And That Happened: Monday’s scores and highlights

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Nationals 5, Braves 4: I suppose you can yell at Dan Uggla for messing up the play with the infield in and a runner on third in the 13th inning which allowed the winning run to score. But perhaps it’s also worth noting that the Braves played perhaps their most important game to date, in a series that, if they don’t win, the division title is basically out of reach, with their best relief pitcher sitting on his butt. But hey, at least Fredi Gonzalez saved Craig Kimbrel for a save situation that never came. Not having him then would have been terrible. Far better to leave everything up to Cristhian Martinez in a situation when a strikeout is absolutely critical, not the guy who strikes out 15.8 batters per nine innings.

Giants 2, Dodgers 1: In another division battle — with a marquee starting pitching matchup — Madison Bumgarner Dominated the Dodgers, striking out ten in eight shutout innings. Clayton Kershaw struck out ten in eight innings too, but Pablo Sandoval got to him twice, with a sacrifice and an RBI single.

Rangers 5, Orioles 1: The Rangers finally get a Ryan Dempster outing that looked like the Cubs version of Ryan Dempster (8 IP, 4 H, 1 ER). All nine Rangers starters got a hit. You don’t win anything for that, but if you do it nine times in one season, everyone in the lineup gets a free t-shirt. Assuming they all got their little cards punched each time.

Rockies 3, Mets 1: R.A. Dickey was solid but for a home run to Tyler Colvin, and then the Rockies scored a run on a passed ball by Kelly Shoppach. Shoppach was so livid about it not being called a wild pitch that he texted the official scorer with Ike Davis’ phone in order to voice his displeasure.

Brewers 9, Cubs 5: Jonathan Lucroy hit two homers and drove in four. Pretty fantastic year for him. He’s hitting .328/.379/.554 with 8 homers in 62 games.

Phillies 12, Reds 5: Not a great outing for Roy Halladay — five runs on ten hits in seven innings — but when the offense goes crazy like this, you don’t need to be great. Homers from Ryan Howard, Erik Kratz and John Mayberry, but really everybody got into the act.

Rays 5, Royals 1: The amazing pitching — and the winning — continue for Tampa Bay. Jeremy Hellickson threw seven innings, allowing one run on six hits. You know how you make up for a “meh” first half? You have your rotation turn into the 1998 Braves in the second half. That’s Tampa Bay this year.

White Sox 9, Yankees 6: New York blew a 3-0 lead, hopped back on top at 6-5 and then blew it again. And their lead over the Rays is now down to four games. DeWayne Wise, Gordon Beckham, Alexi Ramirez and Adam Dunn all went yard against a tater-happy Yankees pen.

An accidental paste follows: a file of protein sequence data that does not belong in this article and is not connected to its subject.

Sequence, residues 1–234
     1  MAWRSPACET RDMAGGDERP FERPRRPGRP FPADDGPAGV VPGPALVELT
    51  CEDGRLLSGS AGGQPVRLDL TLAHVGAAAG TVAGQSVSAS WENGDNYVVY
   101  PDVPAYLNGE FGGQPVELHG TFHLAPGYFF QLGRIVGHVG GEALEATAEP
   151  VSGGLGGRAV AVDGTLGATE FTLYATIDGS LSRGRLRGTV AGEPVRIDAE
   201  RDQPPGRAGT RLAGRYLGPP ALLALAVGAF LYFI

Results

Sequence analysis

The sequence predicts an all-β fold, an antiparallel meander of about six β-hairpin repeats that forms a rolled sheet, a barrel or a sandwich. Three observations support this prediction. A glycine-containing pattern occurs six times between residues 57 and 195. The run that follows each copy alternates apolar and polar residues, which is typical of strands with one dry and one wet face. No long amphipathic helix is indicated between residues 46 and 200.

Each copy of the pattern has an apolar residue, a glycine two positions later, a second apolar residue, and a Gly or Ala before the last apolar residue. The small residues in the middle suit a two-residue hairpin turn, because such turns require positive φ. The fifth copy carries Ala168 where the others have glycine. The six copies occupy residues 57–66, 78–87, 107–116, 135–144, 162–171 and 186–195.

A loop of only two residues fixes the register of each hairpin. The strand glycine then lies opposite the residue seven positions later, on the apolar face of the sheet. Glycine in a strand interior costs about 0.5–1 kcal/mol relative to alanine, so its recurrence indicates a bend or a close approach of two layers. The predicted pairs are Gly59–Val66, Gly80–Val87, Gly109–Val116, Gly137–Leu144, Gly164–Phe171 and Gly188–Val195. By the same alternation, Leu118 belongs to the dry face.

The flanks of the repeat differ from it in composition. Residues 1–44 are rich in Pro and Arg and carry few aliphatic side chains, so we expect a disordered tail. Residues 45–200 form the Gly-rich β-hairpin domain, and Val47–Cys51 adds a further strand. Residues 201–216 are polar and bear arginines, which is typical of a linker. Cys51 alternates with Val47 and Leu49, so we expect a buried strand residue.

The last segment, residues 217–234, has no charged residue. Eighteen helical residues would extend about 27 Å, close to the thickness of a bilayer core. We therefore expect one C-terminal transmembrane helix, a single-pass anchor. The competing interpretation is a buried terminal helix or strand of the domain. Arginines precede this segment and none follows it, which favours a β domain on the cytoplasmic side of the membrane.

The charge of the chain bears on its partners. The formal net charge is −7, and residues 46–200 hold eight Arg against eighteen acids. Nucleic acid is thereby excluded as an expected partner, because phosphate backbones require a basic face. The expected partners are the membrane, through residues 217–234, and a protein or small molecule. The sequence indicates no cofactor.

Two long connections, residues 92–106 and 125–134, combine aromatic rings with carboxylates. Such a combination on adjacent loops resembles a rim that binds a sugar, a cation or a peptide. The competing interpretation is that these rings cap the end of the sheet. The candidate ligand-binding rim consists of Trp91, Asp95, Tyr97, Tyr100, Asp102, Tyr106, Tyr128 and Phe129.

Marlins 12, Diamondbacks 3: It was all over when the Fish put a nine-spot on Joe Saunders in the fourth innings. Giancarlo Stanton hit two big homers and drove in four and Jose Reyes and John Buck each had four hits in the Marlins 20-hit attack.

Padres 3, Pirates 1: Edinson Volquez — who has been horrifyingly bad lately — struck out ten in six and two-thirds and Will Venable drove in two.

Mariners 5, Indians 3: Michael Saunders continues his recent hot streak, smacking two homers. He’s eight for his last 16 with three homers. Cleveland has no dropped six in a row.

Twins 7, Athletics 2: The A’s lose their first in five games, the Twins with their first in six. How did it happen, Ron Gardenhire?

“Right from the get-go. We got some runs in there early, had a little bit of a lead and kept getting some base hits and quality at-bats,” Gardenhire said. “And Duens did his thing. It was a nice night. We got to run around the bases a little bit. Some guys had some good nights.”

“Duens?” That’s Brian Duensing’s nickname? Creative, there.

The Marlins made an empty threat. Giancarlo Stanton made an empty promise.

Associated Press
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I covered the main press conference about Giancarlo Stanton earlier, but afterward he and his agents fanned out to various TV shows, radio shows and reporter scrums from which some new, fun things have spun out. Part of what they’ve talked about is silly and meaningless, part of it just meaningless.

Here’s the silly and meaningless, from a Marlins official, apparently, trying to bully Stanton into accepting either the Giants or the Cardinals trades despite the fact that he told them beforehand that he was not willing to go to either of those teams:

This is silly because it comes off like a threat. Like the worst possible thing that can happen to a guy is to stay with the very team that is making the threat. It’s like telling your wife that if she does not leave you, she’s stuck with you forever.

It’s meaningless too, in that Stanton has an opt-out clause after 2020. If the Marlins could not make a trade Stanton would approve, he’d simply collect close to $90 million and then leave at age 30. Oooh, don’t throw me into that briar patch, Mr. Jeter!

Not that Stanton’s people are offering statements of serious gravitas. His agent was asked about Stanton’s opt-out rights, which he retains even though he’s now with the Yankees:

That may very well be true! He just got here and everything is going great so far. It’s totally empty, of course, because anything can happen between now and the fall of 2020. If the big time free agents of the next two years sign for the sort of money that makes Stanton look underpaid, he’ll certainly opt-out, even if he wants to stay with the Yankees. Ask Alex Rodriguez and CC Sabathia how that works. The opt-out clause is pure, unadulterated leverage for a player and unless he totally craters over the next three seasons he’ll most certainly use it, regardless of present desires.

Which, hey, that’s how things work when a big trade or free agent signing happens. Everyone who has lost looks bad and everyone who won sounds happy. Then, later, the baseball happens.